These are the things I think about on days like this; the fact that though many have served (and are currently), what they see isn’t a movie like we experience at home on TV. They see and experience things that we hope never to experience—and which they never want us to. That’s the reason they make the sacrifices they do. So today I think about those sacrifices and appreciate them as much as I possibly can. Memorial Day is fun for pool parties, cookouts, American flags—but it’s also for remembering and honoring those who aren’t here to celebrate with us.

Taking Days to Breathe

There are days that sit in between one’s most productive days; they perch halfway in between relaxation and frustration. They’re relaxing because you find yourself somewhat able to recuperate in your mind, but are frustrating for almost the same reason—you feel lazy, unproductive, distracted. Some of these days aren’t so bad, and you might enjoy the reprieve a bit. And still many of them are terrible because what have you got to show at the end of the counting hours?

These are the days which all creative types loath. You can’t hate them fully because you know in the back of your mind you need to take days to breathe, to recharge and reset. But we hate them nonetheless because our minds are most always on—they never turn off and we like it that way.

It’s hard as a creative type—particularly as a writer—to accept that these stretches of time are necessary. In the end, we simply can’t be on all the time, though we try to fool ourselves into thinking so. We might like to believe that we can forge ahead—push through—on a creative and/or intellectual level, but it’s rarely ever our best work. Many times it’s a placeholder for the better work to come. Sometimes it’s that push-through right after those sorts of days that we are most proud of in our work portfolio.

Take a day to breathe every now and then—the work only really suffers when you burn out completely.

Keep Pushing Forward

Some nights I get to the evening hour and I’m wiped out. I’ve been writing and talking with people all day, and find my mind completely fried. The light is dimming outside, and people are settling down after dinner. And I’m alone with some thoughts.

Yet in those moments when I’m almost a zombie to the world, I find I have some of my most intriguing thought processes. It’s in those precise moments that I come to grips with the passing day, and prepare myself for the volley of thoughts which will undoubtedly bombard me before bed. Such thoughts don’t overload my mind though, surprising as that might be. I find that this particular strain of thoughts tend to be what help me to keep pushing forward.

And thus I cherish this time—and these thoughts—more than one might think. Though they take up time as I’m trying to wind my mind down, they are nonetheless soothing in their reflective qualities. For some, relaxation and reflection mean plopping down on the couch and turning off one’s mind to watch Netflix. For me though, I (ironically so) find myself most reflective and somewhat relaxed when bombarded by thoughts that seem dogged in their stubbornness. Perhaps I’m even more of an artist than I think.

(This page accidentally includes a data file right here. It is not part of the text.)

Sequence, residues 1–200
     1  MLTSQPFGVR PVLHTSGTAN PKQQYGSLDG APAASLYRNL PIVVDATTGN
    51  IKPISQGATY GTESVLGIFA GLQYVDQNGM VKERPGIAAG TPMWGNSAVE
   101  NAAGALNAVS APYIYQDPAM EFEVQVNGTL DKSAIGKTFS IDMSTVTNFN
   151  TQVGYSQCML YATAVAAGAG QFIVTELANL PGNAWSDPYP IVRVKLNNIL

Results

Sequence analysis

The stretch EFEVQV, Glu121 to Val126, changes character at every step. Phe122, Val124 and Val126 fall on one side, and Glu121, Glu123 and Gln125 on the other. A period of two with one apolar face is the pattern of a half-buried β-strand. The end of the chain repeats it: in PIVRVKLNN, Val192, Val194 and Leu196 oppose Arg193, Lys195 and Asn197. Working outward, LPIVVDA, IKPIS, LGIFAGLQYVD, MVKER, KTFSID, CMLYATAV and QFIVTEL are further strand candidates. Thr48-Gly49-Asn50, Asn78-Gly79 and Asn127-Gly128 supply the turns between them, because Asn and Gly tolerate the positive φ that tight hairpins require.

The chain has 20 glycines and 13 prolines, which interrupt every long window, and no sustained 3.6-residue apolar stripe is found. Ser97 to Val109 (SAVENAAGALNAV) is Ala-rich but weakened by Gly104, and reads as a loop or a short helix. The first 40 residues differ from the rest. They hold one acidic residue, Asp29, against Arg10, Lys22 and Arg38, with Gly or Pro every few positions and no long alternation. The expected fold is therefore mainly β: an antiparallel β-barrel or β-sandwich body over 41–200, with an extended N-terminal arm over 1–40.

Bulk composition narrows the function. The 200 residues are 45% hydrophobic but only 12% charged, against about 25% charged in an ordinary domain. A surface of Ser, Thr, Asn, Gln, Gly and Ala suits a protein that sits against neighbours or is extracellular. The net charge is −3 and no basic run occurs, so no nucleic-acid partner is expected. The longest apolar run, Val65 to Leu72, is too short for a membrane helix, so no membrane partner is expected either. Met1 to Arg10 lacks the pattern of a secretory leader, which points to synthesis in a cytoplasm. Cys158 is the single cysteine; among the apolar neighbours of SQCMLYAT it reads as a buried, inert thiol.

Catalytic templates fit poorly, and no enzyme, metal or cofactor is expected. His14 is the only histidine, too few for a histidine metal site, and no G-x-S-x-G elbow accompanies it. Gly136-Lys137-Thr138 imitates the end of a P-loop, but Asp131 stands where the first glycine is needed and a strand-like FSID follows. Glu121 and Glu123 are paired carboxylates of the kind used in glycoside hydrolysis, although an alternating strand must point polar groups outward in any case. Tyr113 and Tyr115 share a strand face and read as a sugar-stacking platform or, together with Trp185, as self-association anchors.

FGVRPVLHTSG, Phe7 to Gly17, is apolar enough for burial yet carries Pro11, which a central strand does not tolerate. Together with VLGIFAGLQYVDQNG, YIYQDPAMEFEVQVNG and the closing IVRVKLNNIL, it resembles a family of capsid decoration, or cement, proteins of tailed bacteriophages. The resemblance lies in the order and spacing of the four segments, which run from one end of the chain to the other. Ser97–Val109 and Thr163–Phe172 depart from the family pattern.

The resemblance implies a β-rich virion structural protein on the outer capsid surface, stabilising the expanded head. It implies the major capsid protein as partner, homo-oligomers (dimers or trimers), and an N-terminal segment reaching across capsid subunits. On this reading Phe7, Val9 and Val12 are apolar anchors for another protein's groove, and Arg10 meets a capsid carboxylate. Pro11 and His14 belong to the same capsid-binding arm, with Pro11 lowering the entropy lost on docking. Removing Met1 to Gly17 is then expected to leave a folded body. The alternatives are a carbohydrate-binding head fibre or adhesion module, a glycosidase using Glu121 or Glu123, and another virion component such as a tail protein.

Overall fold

Happy Mother’s Day, Mom

So today was Mother’s Day, and though we all know it’s a day created by the greeting card companies, I still reflected on my relationship with my Mom. How lucky I am to have the supportive relationship that I do, and how fortunate I am to even be able to spend the time with her that I do. It’s easy to take good fortune for granted, but the moments that we have in life are ephemeral, and never come around again. They only live in our memories, a realization that’s sobering in itself.

My Mom is one of my heroes, and someone I model myself after in many more ways than one. We are all products of our parents, for better or worse, though in my case I’m lucky enough to say better. I talked here about how my mom shaped my love and desire for music, but I’m fortunate for much more than that. It’s in the moments when the walls seem to be closing in, and when the world seems completely upside down that I find myself the luckiest. It’s in those moments that my mom reminds me of who I am, and who I can be. Happy Mother’s Day, Mom, I love you.

Yesterday Was May 8th, 2015

Yesterday was May 8th, 2015. For those of you out there who are history nerds, yesterday marked the 7th anniversary of one of the most pivotal days in world history: VE Day, May 8th, 1945. Though it seems so far in the past for today’s kids in grade school now, Victory in Europe Day marked a significant turning point in the 20th century—like 9/11 or the JFK assassination, most people who were around remember exactly where they were when they received the news of victory in Europe.